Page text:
“We have never approved a checkpoint program whose primary purpose was to detect evidence of ordinary criminal wrongdoing. Rather, our checkpoint cases have recognized only limited exceptions to the general rule that a seizure must be accompanied by some measure of individualized suspicion. We suggested in Prouse that we would not credit the “general interest in crime control” as justification for a regime of suspicionless stops. . .”

  7. Daniel Buresh 2015-11-18 15:48

    You can go ahead and test that. When a warden pulls up in a boat for no reason and asks for licenses and does a life jacket check, or stops you on a gravel road when you pull out of the field, you go ahead and just tell him he has no right to check you. Let me know how it goes.

  8. bearcreekbat 2015-11-18 18:42

    Daniel, you have a great point – officers might not realize the limits of their power. It is like the advice to 1st year law students – if you challenge a cop, you might be right, but you might also be dead. Nevertheless, if you end up in court a judge would likely feel compelled to abide by the SCOTUS ruling and suppress any evidence that was illegally seized.

  9. Daniel Buresh 2015-11-18 21:53

    It’s been challenged in other states and the GFP always has come out on top. They do have power above your normal law enforcement when it comes to search and seizure.


    Why do game wardens have more search powers? The reasoning goes like this. Fish and game are public property. Unless you have stocked a lake with your own fish, planted raised game birds, or have a fenced enclosure where you have deer, wild boar, or other game animals that you have raised for hunting, wild animals are governed by the state and federal government. So, if a game warden suspects that you may be hunting or fishing illegally, he or she can come onto your land and conduct an investigation and it’s not trespassing.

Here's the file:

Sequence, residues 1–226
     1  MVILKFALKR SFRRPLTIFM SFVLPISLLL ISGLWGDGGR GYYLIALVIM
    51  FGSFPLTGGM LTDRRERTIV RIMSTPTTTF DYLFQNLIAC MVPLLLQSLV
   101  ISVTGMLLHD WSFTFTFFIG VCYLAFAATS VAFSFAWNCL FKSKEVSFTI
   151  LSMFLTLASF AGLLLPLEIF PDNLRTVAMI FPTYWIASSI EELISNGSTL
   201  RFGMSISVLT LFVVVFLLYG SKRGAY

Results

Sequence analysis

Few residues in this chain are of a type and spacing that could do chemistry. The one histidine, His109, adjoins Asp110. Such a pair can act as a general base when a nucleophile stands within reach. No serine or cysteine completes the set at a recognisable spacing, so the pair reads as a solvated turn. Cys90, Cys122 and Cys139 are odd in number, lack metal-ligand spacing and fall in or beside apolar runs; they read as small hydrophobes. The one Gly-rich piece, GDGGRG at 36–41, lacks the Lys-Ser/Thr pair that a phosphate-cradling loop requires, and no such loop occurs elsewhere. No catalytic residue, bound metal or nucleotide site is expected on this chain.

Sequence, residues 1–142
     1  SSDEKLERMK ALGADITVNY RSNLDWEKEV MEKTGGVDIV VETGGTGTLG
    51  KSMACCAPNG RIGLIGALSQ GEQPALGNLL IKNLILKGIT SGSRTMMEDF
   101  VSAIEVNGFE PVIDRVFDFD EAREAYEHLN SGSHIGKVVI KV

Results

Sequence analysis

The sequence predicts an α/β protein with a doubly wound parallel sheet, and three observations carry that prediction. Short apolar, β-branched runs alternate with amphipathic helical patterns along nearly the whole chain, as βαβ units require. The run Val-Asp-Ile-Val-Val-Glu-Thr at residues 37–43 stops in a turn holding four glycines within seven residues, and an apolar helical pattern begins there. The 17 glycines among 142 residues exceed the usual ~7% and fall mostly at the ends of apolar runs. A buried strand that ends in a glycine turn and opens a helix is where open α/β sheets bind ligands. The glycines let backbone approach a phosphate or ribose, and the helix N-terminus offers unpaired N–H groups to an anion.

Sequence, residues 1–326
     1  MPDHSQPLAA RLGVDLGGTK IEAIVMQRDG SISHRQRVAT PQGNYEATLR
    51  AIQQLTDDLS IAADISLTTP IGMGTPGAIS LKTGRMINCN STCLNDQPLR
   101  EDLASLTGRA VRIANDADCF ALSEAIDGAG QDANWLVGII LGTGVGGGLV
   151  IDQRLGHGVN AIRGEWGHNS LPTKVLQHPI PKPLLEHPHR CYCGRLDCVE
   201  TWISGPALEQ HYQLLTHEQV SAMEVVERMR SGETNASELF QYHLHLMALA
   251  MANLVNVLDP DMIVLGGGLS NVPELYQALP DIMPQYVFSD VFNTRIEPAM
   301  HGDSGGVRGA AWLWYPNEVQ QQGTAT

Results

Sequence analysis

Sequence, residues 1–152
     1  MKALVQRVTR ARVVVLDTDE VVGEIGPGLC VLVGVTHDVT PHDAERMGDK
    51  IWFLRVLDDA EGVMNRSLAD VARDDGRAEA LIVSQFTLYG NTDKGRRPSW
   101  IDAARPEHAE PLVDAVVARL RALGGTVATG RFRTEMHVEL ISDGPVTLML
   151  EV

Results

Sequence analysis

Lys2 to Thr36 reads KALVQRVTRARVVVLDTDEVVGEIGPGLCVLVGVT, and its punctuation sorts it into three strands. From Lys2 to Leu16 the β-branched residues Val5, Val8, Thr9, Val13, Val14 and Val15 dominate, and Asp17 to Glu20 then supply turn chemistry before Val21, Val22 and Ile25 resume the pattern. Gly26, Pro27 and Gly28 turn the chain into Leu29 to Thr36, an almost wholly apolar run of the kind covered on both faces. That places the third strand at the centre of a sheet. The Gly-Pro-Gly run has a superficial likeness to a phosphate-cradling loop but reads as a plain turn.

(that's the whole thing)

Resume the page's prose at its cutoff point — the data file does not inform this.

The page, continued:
Compliance checks in the field also come with special powers. As you have supposedly purchased a license to hunt or fish legally, the warden can ask you to show that license, as well as accompanying identification. If you cannot prove who you are, you could be hunting or fishing with a fake license. And because you are supposed to follow the law, such as carrying no more than the limit of shells, or using barbless hooks and so on, you can legally be searched without a search warrant because of what is called “exigent circumstance.”

  10. Les 2015-11-18 23:25

    I was told that they can check your freezer without a warrant, DB.

  11. mike from iowa 2015-11-19 07:56

    If game wardens have extra powers,maybe that is why they are asked to help with drug busts. They can do more legal snooping than regular law enforcement.

  12. Daniel Buresh 2015-11-19 08:33

    Every case I have seen where freezers are checked, it was a drawn out investigation and they eventually obtained a warrant based on what they were investigating. They may have watched a person take multiple daily limits that would put them over their possession limit over a short period of time. On the other hand, if it is a violation that is currently in progress, I would guess they could follow you right into your home if they saw it happen. I just know they don’t operate the same as normal law enforcement. I’m not one to test it and I don’t think a person would win if a violation was found and you claimed a violation of your rights.

  13. BOHICA 2015-11-19 08:42

    If the goal is to catch game violators…why not set up the checkpoints on the 11th day after the pheasant opener…when people are heading home after their 10 day license expires. Could feed a lot of nursing home residents with that haul of confiscated pheasants.

  14. Daniel Buresh 2015-11-19 09:00

    This isn’t the first game check and it won’t be the last. They do them all the time, including during pheasant season. I have gone through one on highway 34 where it meets hwy 37 North of Mitchell and that was mainly to catch pheasant hunter violations. They won’t let the meat go to waste and they will auction off the antlers, guns, and other trophy’s this spring to support more conservation.

  15. BIll DIthmer 2015-11-19 09:07

    Game wardens have all the powers that an hp or a DCI agent has plus some powers that a fed has. They can go anyplace on your rural property and do just about anything they want to, withouteven telling the landowner anything. This includes window peeling, and if a door is open just a crack it is just like an invitation to come in and look around. Its called open fields, and there are no other laws that infringe on any other segment of society like that law.

    In town they need a search warrant, in the country they already have the evidence before they even ask a judge. My friend John Wrede and I have gone round and round about this law, him for the right to enter whenever a CO feels like it for a fishing expedition, and me for protecting my privacy.

    The Blindman